I, along with at least 1,000 other aspiring comedy writers, unfortunately did NOT get to write for the remarkably popular “Seinfeld” TV series on NBC from 1989 to 1998. It’s perhaps more frustrating in my case because I had “an in.” I used to play tennis with George Shapiro, who was co-executive producer of “Seinfeld.”
In fact, before tennis one day, right after I had recounted my experience with a dead battery and a AAA tow truck operator who didn’t speak English, George told me about “Seinfeld,” then in pre-production. “It’s uncanny because you’re like one of the characters — you walk and talk like them and every one of your stories would make an episode.”
“Gee, maybe I could write for the show?” I responded hopefully. “Oh no, Jerry and Larry are doing all the writing.”
Disappointed, I didn’t even know the “Larry” was Larry David who would go on to create and star in “Curb Your Enthusiasm,” which ran for eight seasons on HBO. (Another show I didn’t write for but, that said, at least I never lost to George in tennis.)
I mention all of this, not to lament the big fish that got away but rather as a caveat. I’m about to share with you the legal dilemma of a legendary, albeit colorful Santa Monica figure. Maybe George Shapiro was right? This story might have been a “Seinfeld” episode.
A recurring theme of “Seinfeld,” was when a character, however well-meaning, would stick his nose into a situation only to make it worse. (I hope I’m not about to do that.)
For example, in one episode, Jerry convinced Pakistani immigrant Babu to serve only Pakistani food in his restaurant. Heeding Jerry’s advice, Babu proceeded to go broke. Depressed, he confronted Jerry, “Where are people? You see people? Show me people! There are no people!”
Jerry’s good friend, George Costanza did it, too. He felt sorry for the black security guard in his fiancée’s uncle’s high-end clothing store who had to stand all day. So George got the guard a comfortable chair to sit in. Unfortunately, it was so comfortable the security guard fell asleep while a robbery took place.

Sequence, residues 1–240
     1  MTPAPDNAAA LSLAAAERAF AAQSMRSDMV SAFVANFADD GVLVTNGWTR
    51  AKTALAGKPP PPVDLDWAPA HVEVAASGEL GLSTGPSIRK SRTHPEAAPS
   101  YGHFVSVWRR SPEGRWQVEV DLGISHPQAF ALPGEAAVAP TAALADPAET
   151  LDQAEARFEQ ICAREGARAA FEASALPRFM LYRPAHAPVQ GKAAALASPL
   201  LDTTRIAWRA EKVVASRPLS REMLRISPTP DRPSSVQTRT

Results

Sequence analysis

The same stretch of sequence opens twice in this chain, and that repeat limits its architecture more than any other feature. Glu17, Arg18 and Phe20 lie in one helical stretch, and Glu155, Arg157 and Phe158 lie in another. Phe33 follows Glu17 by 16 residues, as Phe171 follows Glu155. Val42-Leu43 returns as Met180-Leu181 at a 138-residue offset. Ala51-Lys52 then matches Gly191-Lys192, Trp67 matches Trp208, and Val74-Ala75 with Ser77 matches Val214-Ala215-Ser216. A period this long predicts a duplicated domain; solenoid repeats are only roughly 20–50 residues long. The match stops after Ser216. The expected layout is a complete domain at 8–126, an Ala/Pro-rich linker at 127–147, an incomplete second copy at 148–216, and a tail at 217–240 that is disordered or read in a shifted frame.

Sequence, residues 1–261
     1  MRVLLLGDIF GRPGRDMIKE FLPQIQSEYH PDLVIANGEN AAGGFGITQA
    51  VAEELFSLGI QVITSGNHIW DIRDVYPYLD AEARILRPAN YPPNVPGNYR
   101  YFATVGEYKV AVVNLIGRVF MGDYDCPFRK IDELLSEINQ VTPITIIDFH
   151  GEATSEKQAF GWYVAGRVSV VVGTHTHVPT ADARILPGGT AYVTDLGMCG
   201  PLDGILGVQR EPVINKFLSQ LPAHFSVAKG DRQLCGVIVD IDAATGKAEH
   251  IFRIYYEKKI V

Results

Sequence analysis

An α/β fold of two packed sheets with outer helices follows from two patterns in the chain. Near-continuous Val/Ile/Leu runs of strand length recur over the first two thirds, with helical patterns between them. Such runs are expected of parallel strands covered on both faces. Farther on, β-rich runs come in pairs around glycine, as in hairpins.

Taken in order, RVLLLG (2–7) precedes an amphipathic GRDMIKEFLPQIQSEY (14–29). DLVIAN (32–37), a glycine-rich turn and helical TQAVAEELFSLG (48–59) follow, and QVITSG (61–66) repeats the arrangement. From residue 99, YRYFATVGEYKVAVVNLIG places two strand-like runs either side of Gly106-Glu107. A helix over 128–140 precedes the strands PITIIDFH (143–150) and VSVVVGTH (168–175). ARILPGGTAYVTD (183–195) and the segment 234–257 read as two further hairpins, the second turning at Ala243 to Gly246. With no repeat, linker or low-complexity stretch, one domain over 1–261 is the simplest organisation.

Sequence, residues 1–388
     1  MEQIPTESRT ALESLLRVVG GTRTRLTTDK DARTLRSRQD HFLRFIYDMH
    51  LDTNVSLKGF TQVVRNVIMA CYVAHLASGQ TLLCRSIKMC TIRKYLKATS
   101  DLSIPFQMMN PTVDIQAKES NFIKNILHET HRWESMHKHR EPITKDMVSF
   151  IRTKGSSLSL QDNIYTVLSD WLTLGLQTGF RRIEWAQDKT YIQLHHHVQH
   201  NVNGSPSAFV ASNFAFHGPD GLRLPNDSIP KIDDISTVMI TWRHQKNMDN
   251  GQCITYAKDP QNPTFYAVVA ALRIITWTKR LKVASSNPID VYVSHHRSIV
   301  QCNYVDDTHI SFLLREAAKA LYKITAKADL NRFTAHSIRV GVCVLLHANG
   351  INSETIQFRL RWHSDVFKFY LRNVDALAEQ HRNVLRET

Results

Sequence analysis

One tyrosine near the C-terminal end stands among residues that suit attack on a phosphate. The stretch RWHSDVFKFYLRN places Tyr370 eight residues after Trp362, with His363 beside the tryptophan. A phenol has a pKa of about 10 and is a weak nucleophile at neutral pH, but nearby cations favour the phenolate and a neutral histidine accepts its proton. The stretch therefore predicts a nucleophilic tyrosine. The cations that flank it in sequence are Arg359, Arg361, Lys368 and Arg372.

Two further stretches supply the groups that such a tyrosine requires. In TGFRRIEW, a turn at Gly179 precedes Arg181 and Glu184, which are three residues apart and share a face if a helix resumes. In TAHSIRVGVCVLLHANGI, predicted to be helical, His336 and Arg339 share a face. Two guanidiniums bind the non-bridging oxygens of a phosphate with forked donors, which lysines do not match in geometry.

So it is with some hesitation that I introduce you to Ignacio Alejandro Benavides, who goes by “Alex” and has owned Alex’s Shoe Repair at 1921 Main Street (between Pico and Bay) for the past 33 years. Regrettably, even though yesterday was Christmas, this is not exactly an uplifting holiday tale. (Unless you’re Charles Dickens.)
You see, on Jan. 5, Alex is due in court and faces eviction, much to the chagrin of the legions of his loyal customers who see this as another example of gentrification. Back in April, Alex, who’s 66, had a heart attack and fell behind in his rent. When he moved here in 1983, the rent was $600 a month; now it’s $2,000.
I attempted to reach the landlord, whom I gather lives in New York, but, as of press time, we haven’t connected. (Actually, he’s the son of the late landlord, as Alex thinks the father would never have done this.)
Alex is an extremely hard-working, “old-school” craftsman, but he’s not without eccentricity, including the shop itself, which is seemingly floor to ceiling shoes. Customers learn that with Alex it’s best to call before going in to pick up your shoes or leather items. This trait is reminiscent of the story about the man who goes into a thrift shop and buys a 1970s Saturday Night Fever suit in pristine condition for $5.
Pleased with his purchase, in the pocket, he finds a shoe repair claim check. Curious, he goes to the shop and presents the stub. The cantankerous owner goes into the back room and comes out moments later. “They’re not ready yet,” he says casually, “come back Tuesday.” (I told that joke to Alex who said in earnest, “I don’t get it.”)
One thing’s for sure: Alex definitely doesn’t need all this stress. I’m hoping the landlord somehow reads this and, in the holiday spirit, crafts a compromise. I’ll report back after Jan. 5.
Even though “Seinfeld” went off the air 17 years ago, I still wonder if Alex and his crowded shoe repair shop would have made for a funny episode. Then again, those 1,000 other aspiring comedy writers are probably wondering the same thing about the Alex’s in their lives.
Jack is at facebook.com/jackneworth, twitter.com/jackneworth and email@example.com.